They’d comment on anything; first it was the way I ate, since I put mustard in my sandwiches and it would get on my fingers. Then it was the way I’d ask for other people’s food, giving me the name “moochie,” courtesy of Ingrid. After that it was because I ate too much junk after school, even though I tried hard to count my calories to stay thinner, giving me the name “pig.” They’d make fun of celebrities I liked and things I would say. My life was a buffet to them; anything they could get their hands on, they did. Ella would often embark on a harassment journey with Jacquelyn and Ingrid. Throughout the first semester of 7th grade, lunch times were more hellish than necessary.
It would have been great if I could have dropped everything and sat somewhere else; but the real question was, where would I even sit? I contemplated this idea often, and I always came back to the same answer, whether I was thinking about it in English class or at night when I was supposed to be asleep. I went to private school. With 80 kids in our entire grade, there weren’t other viable options. I didn’t know the other girls well, and I was sure that with my cussing and sarcasm, I wouldn’t be well liked. Sitting with people who kept insulting you was 20x better than sitting alone with your turkey sandwich, so I just had to brace myself and keep going.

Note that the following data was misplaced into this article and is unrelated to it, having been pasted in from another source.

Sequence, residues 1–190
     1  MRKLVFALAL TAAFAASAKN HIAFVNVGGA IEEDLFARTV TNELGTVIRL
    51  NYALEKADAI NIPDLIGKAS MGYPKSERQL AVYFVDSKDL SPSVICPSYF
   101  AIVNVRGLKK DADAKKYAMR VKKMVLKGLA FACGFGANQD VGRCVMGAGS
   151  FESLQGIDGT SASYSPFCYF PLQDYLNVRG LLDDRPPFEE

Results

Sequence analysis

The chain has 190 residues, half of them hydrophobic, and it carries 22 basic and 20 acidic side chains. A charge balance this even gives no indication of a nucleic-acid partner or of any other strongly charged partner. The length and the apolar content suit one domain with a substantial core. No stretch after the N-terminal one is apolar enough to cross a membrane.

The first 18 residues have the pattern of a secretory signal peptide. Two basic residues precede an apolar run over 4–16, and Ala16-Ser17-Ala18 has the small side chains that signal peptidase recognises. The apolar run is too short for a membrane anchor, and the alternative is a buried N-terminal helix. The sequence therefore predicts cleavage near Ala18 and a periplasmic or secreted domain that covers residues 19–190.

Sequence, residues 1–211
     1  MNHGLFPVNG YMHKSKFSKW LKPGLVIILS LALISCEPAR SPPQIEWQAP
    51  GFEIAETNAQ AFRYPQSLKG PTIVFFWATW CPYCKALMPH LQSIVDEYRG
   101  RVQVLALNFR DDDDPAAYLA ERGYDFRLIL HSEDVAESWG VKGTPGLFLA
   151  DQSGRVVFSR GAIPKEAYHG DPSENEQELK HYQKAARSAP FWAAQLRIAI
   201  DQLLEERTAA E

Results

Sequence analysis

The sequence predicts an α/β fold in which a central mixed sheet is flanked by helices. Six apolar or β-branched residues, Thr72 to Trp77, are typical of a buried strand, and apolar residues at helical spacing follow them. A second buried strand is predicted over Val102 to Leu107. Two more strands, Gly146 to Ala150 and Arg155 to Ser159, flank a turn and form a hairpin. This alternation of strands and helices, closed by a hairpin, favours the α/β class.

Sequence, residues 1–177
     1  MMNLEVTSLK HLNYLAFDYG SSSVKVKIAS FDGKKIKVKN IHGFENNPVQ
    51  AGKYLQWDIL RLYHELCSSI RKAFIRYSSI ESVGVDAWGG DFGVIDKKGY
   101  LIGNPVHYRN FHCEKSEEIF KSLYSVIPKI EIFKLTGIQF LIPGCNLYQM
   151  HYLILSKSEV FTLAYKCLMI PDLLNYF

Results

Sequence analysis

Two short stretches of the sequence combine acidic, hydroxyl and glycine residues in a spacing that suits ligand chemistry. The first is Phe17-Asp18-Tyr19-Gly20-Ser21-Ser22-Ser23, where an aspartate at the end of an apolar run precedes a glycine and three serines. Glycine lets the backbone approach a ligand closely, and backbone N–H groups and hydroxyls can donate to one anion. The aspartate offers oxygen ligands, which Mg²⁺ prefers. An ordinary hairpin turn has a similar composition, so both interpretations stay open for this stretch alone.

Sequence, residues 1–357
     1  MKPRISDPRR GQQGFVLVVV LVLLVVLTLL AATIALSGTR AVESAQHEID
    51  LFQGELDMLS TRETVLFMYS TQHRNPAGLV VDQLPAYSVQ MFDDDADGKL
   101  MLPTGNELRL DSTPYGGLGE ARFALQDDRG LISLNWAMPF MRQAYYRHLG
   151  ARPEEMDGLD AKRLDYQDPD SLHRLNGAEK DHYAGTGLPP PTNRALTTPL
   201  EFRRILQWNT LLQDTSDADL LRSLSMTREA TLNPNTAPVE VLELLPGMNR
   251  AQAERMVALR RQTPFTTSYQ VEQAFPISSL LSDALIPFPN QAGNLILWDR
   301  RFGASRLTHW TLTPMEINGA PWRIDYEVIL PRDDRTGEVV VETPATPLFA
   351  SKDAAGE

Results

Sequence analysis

I often wondered why the more passive girls, i.e., Rachel, Katherine, Millie, and Julia wouldn’t help me tell off Jacquelyn, Ingrid, and Ella. Considering their faces when Jacquelyn called me “moochie” or “pig,” I didn’t understand their not doing anything. I never fought for myself, solely because I couldn’t stand the idea of Jacquelyn and Ingrid kicking me out; they were 2, I was 1, and I certainly wasn’t going to risk being rejected in front of everyone else.
One day, while at our usual spot in front of the library, Ingrid and Jacquelyn were doing their usual teasing routine. I couldn’t remember what they said exactly, but I felt so helpless; I tried to fend them off with my usual sarcastic commentary and rolling of eyes, but I couldn’t do it. They kept coming back for more. I told everyone that I had some water in my eyes and immediately went to the bathroom to cry for a little while. I was a cliché, and I knew it, but that didn’t matter after a certain point. At the end of the five minute tear fest, I dried my eyes and came back. After this incident, I knew it was time to take some action.
A couple months later, Jacquelyn stopped being friends with Ingrid and went to join some new friends. Ingrid was completely crushed and would talk shit about Jacquelyn all the time. While I thought that Jacquelyn’s leaving would stop the insults, it didn’t; she was replaced by Ella, who filled the same teasing gap, and one day, I’d had enough.
“Stop it!” I told them, my voice rising. “I’m done with your bullshit! Everybody has their quirks, and you should learn how to respect mine!” I stalked off, feeling satisfied with my outburst. This had been going on for 7 months, and I wasn’t going to let it keep going.
“No, wait!” Ingird and Ella said, coming after me. They tried to tell me that it was okay, that they wouldn’t do it again. And they still continued to, but just not as much. I guess standing up for myself was all I could do; after all, it’s every human’s right to eat mustard without being harassed.